Year-end pen­sion plan­ning for 2018

The Jerusalem Post - - BUSINESS & FINANCE - • By LEON HAR­RIS leon@hcat.co.

Pen­sion con­tri­bu­tions are im­por­tant in pro­vid­ing for our re­tire­ment years. Be­low is a brief over­view of Is­raeli tax law rules for 2018. Types of mem­bers: The tax law dis­tin­guishes be­tween “priv­i­leged” and “non-priv­i­leged” mem­bers of a prov­i­dent fund who may also be em­ployed or self-em­ployed.

A priv­i­leged mem­ber is one who con­trib­utes at least 16% of the aver­age na­tional salary (NIS 9,906 per month in 2018), i.e., con­trib­utes at least NIS 19,020 for the 12 months of 2018.

Em­ployee con­tri­bu­tions: Once em­ploy­ees have worked three to six months at a firm, they are en­ti­tled to manda­tory pen­sion and sev­er­ance fund­ing. The stip­u­lated min­i­mum pen­sion fund con­tri­bu­tion is 18.5% of gross salary. The em­ployer gen­er­ally pays 6.5% to­ward pen­sion fund­ing and 6% to­ward sev­er­ance fund­ing. The em­ployee pays 6% to­ward pen­sion fund­ing.

“Study funds” (hish­tal­mut) are also com­mon but not manda­tory – the em­ployer usu­ally pays 7.5% of gross salary and the em­ployee 2.5% up to pre­scribed lim­its.

The em­ployer deducts his cost for tax pur­poses and the em­ployee is ex­empt and can use the money for any pur­pose if no with­drawals are made for six years.

Self-em­ployed con­tri­bu­tions: The self-em­ployed must by law (since 2017) con­tribute 4.45% up to half the aver­age na­tional salary, and there­after 12.55% of in­come up to the na­tional aver­age salary into a pen­sion-un­em­ploy­ment fund. If the in­di­vid­ual is also em­ployed, em­ployee and em­ployer con­tri­bu­tions count to­ward this re­quire­ment.

A vol­un­tary study fund ar­range­ment is avail­able to the self-em­ployed. They can con­tribute 7% and deduct 4.5% as an ex­pense within pre­scribed lim­its.

Tax breaks: Is­rael pro­vides a com­plex set of tax de­duc­tions and tax cred­its for pen­sion con­tri­bu­tions. Tax de­duc­tions for priv­i­leged mem­bers: First, the amount paid up to 11% of in­come up to NIS 104,400 per year mi­nus “as­sured in­come” is de­ductible. “As­sured in­come” is pen­sion­able salary on which an em­ployer funds a pen­sion.

Sec­ond, the amount paid up to 7% of “ad­di­tional in­come” is de­ductible on con­tri­bu­tions ex­ceed­ing NIS 19,020 (priv­i­leged mem­ber min­i­mum con­tri­bu­tion), up to the lower of: as­sured in­come up to NIS 104,400, or, to­tal tax­able in­come up to NIS 261,000, less as­sured in­come or NIS 104,400, whichever is higher.

If the con­tri­bu­tions ex­ceeds 12% of “ad­di­tional in­come,” a fur­ther 4% de­duc­tion is pos­si­ble, i.e., 11% in­stead of 7%. Tax de­duc­tions for non-priv­i­leged mem­bers: Self-em­ployed: The amount paid up to 7% non-salary in­come up to NIS 146,400 for the year. But if the in­di­vid­ual is also an em­ployee, this amount is re­duced by the lower of NIS 104,400 or salary, whichever is lower.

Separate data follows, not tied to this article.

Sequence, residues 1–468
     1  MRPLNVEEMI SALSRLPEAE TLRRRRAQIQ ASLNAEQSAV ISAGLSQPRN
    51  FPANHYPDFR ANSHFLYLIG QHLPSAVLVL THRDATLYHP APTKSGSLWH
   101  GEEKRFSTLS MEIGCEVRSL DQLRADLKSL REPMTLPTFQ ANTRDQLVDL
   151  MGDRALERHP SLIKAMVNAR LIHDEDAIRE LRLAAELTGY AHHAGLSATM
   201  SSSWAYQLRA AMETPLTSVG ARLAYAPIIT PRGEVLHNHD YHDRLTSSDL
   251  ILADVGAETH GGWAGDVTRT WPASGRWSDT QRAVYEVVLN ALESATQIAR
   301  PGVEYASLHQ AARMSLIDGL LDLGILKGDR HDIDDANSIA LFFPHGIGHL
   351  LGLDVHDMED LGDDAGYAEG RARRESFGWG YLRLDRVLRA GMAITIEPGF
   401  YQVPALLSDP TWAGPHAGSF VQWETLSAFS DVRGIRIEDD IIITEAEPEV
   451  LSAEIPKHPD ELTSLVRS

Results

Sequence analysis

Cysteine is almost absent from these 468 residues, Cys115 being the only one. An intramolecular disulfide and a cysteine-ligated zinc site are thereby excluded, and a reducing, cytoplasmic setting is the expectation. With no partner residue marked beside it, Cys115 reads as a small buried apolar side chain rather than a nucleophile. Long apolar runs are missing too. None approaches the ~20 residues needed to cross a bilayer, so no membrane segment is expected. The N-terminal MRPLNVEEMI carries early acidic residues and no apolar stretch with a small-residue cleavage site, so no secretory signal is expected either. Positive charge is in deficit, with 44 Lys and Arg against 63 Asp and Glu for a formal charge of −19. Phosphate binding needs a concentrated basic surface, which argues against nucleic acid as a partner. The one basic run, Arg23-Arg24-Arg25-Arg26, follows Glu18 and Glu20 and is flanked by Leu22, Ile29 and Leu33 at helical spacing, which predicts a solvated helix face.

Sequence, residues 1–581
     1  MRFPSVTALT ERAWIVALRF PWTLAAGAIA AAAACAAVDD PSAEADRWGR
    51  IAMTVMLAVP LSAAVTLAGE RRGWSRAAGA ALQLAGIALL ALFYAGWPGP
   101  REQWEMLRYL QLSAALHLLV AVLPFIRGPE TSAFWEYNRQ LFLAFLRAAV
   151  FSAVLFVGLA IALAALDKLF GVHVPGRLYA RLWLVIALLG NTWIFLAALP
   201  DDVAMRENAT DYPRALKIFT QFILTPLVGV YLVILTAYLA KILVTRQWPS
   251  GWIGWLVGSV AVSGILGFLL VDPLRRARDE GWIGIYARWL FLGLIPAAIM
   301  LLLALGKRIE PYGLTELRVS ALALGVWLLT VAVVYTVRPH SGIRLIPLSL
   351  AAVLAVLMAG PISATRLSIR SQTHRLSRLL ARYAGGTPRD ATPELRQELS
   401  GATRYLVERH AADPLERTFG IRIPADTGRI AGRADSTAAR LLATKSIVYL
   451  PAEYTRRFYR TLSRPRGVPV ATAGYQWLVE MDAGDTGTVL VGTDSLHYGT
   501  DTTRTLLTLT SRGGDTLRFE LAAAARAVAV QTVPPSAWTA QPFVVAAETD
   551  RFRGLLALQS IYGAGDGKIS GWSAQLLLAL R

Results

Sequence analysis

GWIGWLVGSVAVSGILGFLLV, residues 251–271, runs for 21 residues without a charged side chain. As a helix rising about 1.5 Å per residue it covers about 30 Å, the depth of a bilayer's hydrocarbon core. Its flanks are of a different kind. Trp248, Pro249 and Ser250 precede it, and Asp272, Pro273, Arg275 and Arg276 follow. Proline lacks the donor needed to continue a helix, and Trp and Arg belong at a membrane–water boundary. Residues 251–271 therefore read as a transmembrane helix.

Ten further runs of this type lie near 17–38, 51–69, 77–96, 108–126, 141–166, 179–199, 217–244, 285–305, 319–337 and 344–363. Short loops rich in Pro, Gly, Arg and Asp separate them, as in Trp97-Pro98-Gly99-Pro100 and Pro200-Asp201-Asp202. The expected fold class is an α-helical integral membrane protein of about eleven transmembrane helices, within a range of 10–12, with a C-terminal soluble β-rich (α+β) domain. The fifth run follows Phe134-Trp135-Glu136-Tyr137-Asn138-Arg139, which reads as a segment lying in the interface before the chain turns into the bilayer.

If the con­tri­bu­tions ex­ceeds 12% of in­come, a fur­ther 4% de­duc­tion is pos­si­ble, i.e., 11% in­stead of 7% of in­come up to NIS 146,400 = NIS 16,104.

Em­ploy­ees: The lower of the amount paid, up to 5% of non-as­sured salary up to NIS 104,400; 5% of tax­able salary in­come up to NIS 261,000 mi­nus as­sured in­come.

Higher lim­its ap­ply if the non-priv­i­leged mem­ber was aged over 50 at the be­gin­ning of the year.

No de­duc­tion is al­lowed if as­sured in­come ex­ceeds NIS 261,000 for the year. Tax credit for priv­i­leged mem­ber: A 35% tax credit is al­lowed for amounts con­trib­uted to­wards pen­sion and life in­sur­ance, up to lim­its.

If there is no salary in­come, the limit is 5% of in­come up to NIS 208,800 for the year. If there is as­sured (pen­sion­able) salary in­come, the limit is 7% of such as­sured in­come up to NIS 208,800 mi­nus NIS 104,400 or as­sured in­come, whichever is less, if there are also self-funded pen­sion con­tri­bu­tions. Tax credit for non-priv­i­leged mem­ber: A 35% tax credit is al­lowed for amounts con­trib­uted to­wards pen­sion and life in­sur­ance up to lim­its. If there is no salary in­come, the limit is 5% of in­come up to NIS 146,400 for the year.

If there is salary and other in­come, the limit is 7% of such salary in­come up to NIS 104,400 and busi­ness in­come up to NIS 146,400 mi­nus NIS 104,400 or salary in­come, whichever is less. Ma­jor share­hold­ers: Ma­jor share­hold­ers (10+%) of com­pa­nies should con­sider pen­sion fund­ing and sev­er­ance fund­ing within pre­scribed lim­its, plus side­plan fund­ing un­der Amend­ment 190 of the In­come Tax Or­di­nance.

Sev­er­ance pay fund­ing re­gard­ing ma­jor share­hold­ers is not de­ductible as a cor­po­rate ex­pense above 8.33% of salary or NIS 12,230 per year. Life in­sur­ance and dis­abil­ity fund­ing: A 25% or 35% tax credit for life in­sur­ance pre­mi­ums is avail­able on upon to 5% of en­ti­tling in­come within com­plex lim­its. To sum up: Th­ese rules are com­pli­cated and open to al­ter­na­tive in­ter­pre­ta­tions. Al­ways con­sult a qual­i­fied Is­raeli pen­sion/in­sur­ance spe­cial­ist.

The writer is a cer­ti­fied pub­lic ac­coun­tant and tax spe­cial­ist at Har­ris Con­sult­ing & Tax Ltd.

Newspapers in English

Newspapers from Israel

© PressReader. All rights reserved.